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Charlie Hebdo Perspectives

Lessons from France – part 1

In the wake of the attacks in Paris on November 13, we have already seen a wide variety of responses on what this all means and what do we do now.  French President Hollande has called the barbarity an act of war and vowed a crushing reply to the Islamic State.  We shall see what concrete measures will be implemented (increased air strikes?  ground troops?  more arrests and deportations?) in the coming weeks.  In light of the carnage, this language is certainly understandable and will appeal to many who see more armed conflict as both an appropriate and a justifiable move.

But they would be wrong.

Don’t misunderstand me, if we can identify key IS figures we should do everything in our power to neutralise them (I leave that term vague deliberately).  Their absence may have a huge effect on the group’s ability to recruit and expand.  So by all means, do so, albeit carefully.

Bringing the conflict to a new military level will not solve the overarching issue of radicalisation and terrorism however, and we know this because it hasn’t in the past.

As I have noted, I spent the last two weeks in France, touring the battlefields of both WWI and WWII.  The tremendous loss of life weighed heavily on my daughter and me as we went from cemetery to cemetery, standing silently in front of thousands of headstones.

WWI was called both the “Great War” and “the war to end all wars”.  Noble epithets indeed, and made with the best of intentions in the aftermath of the armistice.  With the gift of hindsight we know both to be wrong.  Scarcely more than a generation Europe later was at war again, this time with greater loss of life and destruction.

As with war in general, so with the “war on terror”.  We have committed armies and navies and air forces to fight terrorists in a number of conflicts: Afghanistan, Pakistan, Iraq, Somalia, Nigeria, Libya – the list goes on and on.  And while we have had success at the tactical level – the deaths of Bin Laden, Aulaqi, Al Zarqawi, etc. – we have had little to none on the strategic level.  For the ideology remains and will metastasise into some other group or movement.  For this phenomenon can NOT be defeated solely through the use of force.  This is an intellectual and emotional enemy we face and it feeds off death – those it causes and those we cause through armed response.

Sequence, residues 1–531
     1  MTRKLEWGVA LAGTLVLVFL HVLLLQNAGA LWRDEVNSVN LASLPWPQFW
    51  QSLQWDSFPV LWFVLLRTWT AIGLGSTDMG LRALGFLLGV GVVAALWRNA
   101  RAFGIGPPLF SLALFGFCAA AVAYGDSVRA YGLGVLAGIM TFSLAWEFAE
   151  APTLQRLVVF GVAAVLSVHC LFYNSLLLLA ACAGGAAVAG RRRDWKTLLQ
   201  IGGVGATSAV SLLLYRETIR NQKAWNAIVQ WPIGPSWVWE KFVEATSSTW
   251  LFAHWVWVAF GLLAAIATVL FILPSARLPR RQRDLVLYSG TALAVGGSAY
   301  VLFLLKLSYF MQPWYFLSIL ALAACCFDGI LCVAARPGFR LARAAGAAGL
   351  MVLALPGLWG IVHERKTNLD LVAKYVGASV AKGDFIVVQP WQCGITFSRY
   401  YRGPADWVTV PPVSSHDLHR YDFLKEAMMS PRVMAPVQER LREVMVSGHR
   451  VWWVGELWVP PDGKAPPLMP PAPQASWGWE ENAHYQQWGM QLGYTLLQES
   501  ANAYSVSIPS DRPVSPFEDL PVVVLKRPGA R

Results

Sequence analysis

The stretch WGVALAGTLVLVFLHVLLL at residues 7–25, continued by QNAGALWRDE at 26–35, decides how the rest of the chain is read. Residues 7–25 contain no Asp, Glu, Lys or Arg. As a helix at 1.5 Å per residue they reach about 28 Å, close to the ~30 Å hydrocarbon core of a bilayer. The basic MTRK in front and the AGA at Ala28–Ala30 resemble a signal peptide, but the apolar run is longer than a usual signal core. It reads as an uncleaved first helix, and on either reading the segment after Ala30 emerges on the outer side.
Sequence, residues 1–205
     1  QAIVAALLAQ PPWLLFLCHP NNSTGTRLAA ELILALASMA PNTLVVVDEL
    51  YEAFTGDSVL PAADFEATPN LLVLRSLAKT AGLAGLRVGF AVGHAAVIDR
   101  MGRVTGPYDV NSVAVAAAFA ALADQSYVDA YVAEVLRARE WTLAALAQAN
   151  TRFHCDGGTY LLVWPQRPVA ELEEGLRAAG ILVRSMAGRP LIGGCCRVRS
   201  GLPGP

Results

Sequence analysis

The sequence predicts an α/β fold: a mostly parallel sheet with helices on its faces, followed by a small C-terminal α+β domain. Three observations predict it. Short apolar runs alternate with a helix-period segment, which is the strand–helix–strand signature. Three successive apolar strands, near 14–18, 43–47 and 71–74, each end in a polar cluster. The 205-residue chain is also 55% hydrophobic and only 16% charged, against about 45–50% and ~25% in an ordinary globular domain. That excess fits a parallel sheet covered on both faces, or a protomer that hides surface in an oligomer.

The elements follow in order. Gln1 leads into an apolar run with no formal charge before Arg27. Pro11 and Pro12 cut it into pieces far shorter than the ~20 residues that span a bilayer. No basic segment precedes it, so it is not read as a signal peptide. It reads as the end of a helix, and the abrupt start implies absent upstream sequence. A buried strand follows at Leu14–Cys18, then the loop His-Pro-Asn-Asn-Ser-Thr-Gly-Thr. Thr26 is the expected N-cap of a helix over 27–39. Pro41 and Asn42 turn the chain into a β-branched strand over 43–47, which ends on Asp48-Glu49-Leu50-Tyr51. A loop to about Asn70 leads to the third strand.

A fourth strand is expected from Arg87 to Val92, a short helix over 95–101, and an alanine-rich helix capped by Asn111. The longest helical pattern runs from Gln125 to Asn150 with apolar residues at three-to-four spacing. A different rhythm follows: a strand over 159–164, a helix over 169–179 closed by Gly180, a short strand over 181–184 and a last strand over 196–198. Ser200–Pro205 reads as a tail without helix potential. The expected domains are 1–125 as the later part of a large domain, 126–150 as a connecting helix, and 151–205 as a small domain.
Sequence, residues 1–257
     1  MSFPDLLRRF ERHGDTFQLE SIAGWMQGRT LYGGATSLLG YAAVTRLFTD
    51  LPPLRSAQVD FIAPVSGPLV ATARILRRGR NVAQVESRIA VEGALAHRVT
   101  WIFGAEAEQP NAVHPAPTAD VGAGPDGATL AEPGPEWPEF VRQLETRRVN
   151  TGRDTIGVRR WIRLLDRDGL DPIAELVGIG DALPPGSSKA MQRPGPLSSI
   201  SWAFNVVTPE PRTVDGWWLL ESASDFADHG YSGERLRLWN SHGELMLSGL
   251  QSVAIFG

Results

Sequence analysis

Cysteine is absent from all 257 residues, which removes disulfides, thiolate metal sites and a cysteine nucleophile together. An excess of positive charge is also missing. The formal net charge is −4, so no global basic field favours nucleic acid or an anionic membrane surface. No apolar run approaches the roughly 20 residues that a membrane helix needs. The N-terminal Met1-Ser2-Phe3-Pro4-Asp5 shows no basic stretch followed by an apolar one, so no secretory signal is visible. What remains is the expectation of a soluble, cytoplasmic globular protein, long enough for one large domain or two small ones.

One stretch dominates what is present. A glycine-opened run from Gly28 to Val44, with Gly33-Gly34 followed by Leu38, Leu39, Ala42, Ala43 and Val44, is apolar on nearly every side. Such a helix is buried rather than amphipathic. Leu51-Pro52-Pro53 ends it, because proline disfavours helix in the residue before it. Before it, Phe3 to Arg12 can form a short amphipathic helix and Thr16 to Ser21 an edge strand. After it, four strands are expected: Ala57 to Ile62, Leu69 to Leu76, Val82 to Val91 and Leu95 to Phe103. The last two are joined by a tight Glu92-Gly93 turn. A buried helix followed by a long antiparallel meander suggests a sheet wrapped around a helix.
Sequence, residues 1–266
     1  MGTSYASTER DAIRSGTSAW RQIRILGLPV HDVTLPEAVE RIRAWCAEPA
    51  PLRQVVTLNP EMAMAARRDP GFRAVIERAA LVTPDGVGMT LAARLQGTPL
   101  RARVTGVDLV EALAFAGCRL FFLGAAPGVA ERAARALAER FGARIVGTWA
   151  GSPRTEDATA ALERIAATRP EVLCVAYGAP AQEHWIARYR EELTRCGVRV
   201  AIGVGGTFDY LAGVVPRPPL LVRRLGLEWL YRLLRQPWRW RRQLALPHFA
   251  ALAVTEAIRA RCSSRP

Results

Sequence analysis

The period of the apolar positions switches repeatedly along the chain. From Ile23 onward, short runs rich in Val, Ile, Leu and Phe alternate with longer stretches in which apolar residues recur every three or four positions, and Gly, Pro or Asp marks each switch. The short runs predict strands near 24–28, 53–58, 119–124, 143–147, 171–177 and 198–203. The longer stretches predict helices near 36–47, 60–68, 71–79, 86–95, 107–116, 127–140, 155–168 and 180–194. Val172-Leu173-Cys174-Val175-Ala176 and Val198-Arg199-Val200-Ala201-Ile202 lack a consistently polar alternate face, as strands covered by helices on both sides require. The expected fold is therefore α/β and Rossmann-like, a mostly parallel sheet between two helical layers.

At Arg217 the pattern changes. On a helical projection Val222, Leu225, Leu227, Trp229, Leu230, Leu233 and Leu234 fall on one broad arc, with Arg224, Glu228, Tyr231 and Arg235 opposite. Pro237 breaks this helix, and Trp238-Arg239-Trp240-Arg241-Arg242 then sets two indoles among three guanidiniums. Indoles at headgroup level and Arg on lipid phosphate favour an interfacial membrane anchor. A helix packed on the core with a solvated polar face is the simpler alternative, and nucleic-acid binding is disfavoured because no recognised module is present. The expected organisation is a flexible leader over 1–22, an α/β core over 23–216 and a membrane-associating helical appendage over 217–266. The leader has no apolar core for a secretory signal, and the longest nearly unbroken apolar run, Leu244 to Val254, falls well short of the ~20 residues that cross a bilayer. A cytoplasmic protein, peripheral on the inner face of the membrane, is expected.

There is a role for our militaries but it must be limited and precise.  Wars have a tendency to spiral out of control leading to unwanted consequences and reverberations.  Remember when supporting Al Qaeda against the Soviets seemed like a good idea?  We invaded Iraq for no really good reason and look what that gave us – IS.

Let us act with judiciousness and wisdom, using all the tools we have, not just those that kill.  We have had a lot of opportunity to learn what works and what doesn’t in the ill-named “war” on terrorism.  If we really want to get past this we need to be smart about it.

By Phil Gurski

Phil Gurski is the President and CEO of Borealis Threat and Risk Consulting Ltd. and Programme Director for the Security, Economics and Technology (SET) hub at the University of Ottawa’s Professional Development Institute (PDI). Phil is a 32-year veteran of CSE and CSIS and the author of five books on terrorism.

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